Hemlock for the Holidays

 Coming Summer 2021!

 Hemlock for the Holidays

Book 3 


A Fine Art Mystery Series 

Artistic License to Kill

Available Now!

  Artistic License to Kill, the first book in Paula Darnell's new cozy series, A Fine Art Mystery, is now available! 
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Special Introductory Price - Just 99 cents! 
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 What's it all about?
Artist Amanda Trent, accompanied by her beloved golden retriever Laddie and her persnickety calico cat Mona Lisa, is determined to start a new life after her husband divorces her to marry a younger woman, but it isn't easy.

After a disastrous interview at the prestigious Roadrunner Gallery in Lonesome Valley, Arizona, far away from her previous home in Kansas City, Amanda's afraid that she'll fail at her new career. But her prospects begin to improve when she's accepted as the newest member of the cooperative gallery.

Then, on her very first day, she discovers Janice, the stern director, has been murdered right in the art gallery, and the Roadrunner's members, including Amanda herself, become suspects. Which gallery member murdered the unpopular director? Or was the killer an outsider with an ax to grind? 

Read an Excerpt from Chapter One
I squirmed in the hard metal chair as the three committee members examined the paintings I'd brought for their review.
    The cordial, collegial chat I'd imagined when I'd applied to join the Roadrunner, a cooperative art gallery, had never happened. Instead, the director, a tall woman with cropped salt-and-pepper hair, had greeted me with a frown as I'd set up my canvases on the easels she'd provided.
    The other two committee members—Travis Baxter, a wiry young man with long blond hair, and Pamela Smith, a tiny bird-like woman with sharp features—hadn't been any friendlier than the director. After glancing at my artist's statement and resumé, they'd peppered me with pointed questions that seemed framed to put me on the defensive. If that was their strategy, they'd succeeded.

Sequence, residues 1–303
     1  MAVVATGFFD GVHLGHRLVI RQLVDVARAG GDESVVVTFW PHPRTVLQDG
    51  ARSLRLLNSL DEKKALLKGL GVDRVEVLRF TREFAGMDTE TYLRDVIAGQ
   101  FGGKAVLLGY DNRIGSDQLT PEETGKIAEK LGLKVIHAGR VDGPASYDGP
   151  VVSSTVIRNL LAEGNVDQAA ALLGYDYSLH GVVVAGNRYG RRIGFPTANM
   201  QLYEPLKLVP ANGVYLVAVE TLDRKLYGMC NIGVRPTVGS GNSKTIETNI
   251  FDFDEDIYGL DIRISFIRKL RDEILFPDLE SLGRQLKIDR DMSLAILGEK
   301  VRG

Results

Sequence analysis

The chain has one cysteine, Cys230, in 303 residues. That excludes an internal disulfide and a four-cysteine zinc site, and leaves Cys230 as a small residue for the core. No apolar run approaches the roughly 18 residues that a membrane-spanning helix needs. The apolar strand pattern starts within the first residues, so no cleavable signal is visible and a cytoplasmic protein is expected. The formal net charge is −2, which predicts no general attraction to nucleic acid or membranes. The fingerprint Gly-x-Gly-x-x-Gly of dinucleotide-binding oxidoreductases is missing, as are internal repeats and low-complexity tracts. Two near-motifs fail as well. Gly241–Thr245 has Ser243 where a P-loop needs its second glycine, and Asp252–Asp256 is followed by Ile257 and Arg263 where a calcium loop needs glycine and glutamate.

As the three of them examined my paintings in silence, I clasped my hands firmly together so they wouldn't notice that I was trembling. Finally, the long-haired man cleared his throat and looked at the two women. They all returned to their seats behind a long table and looked at me solemnly.
    Janice Warren, the gallery director, informed me that they'd take my application for membership under advisement and that I'd be notified by mail as to whether or not I'd been approved to join the cooperative artists' group that ran the Roadrunner Gallery.
    I managed to stammer a thank-you before I began gathering my canvases. I felt like running out of the gallery, but I restrained myself, knowing that I had to make two trips to my SUV to stow my paintings in the back.
    The three committee members watched as I toted my canvases from the gallery's meeting room. Nobody offered to help me carry them. Nobody smiled at me.
    As soon as I'd secured the last two paintings in my Toyota, I started the engine and peeled away from the curb. I couldn't wait to escape.
    As I sped down Main Street, not bothering to glance in my rear view mirror, I heard the wail of a siren behind me. My tires screeched as I braked a little too hard.
    A police car came alongside me, and the officer signaled me to pull over. Groaning, I slowly moved to the nearest parking space and stopped my SUV. It was still early in the morning, and the shops weren't open yet, so the street was nearly deserted.
    While the police car parked in back of me, I reached into my purse and took out my Missouri driver's license; then I dug around inside the console next to me until I found my auto registration card. I put my window down and braced for a stern lecture.
    “License and registration, please, ma'am.”
    I handed them to him. At least he'd said “please.” Although I didn't much like being called “ma'am,” since I would be reaching the big mid-century mark on my next birthday, I guessed it wouldn't be the last time it would happen.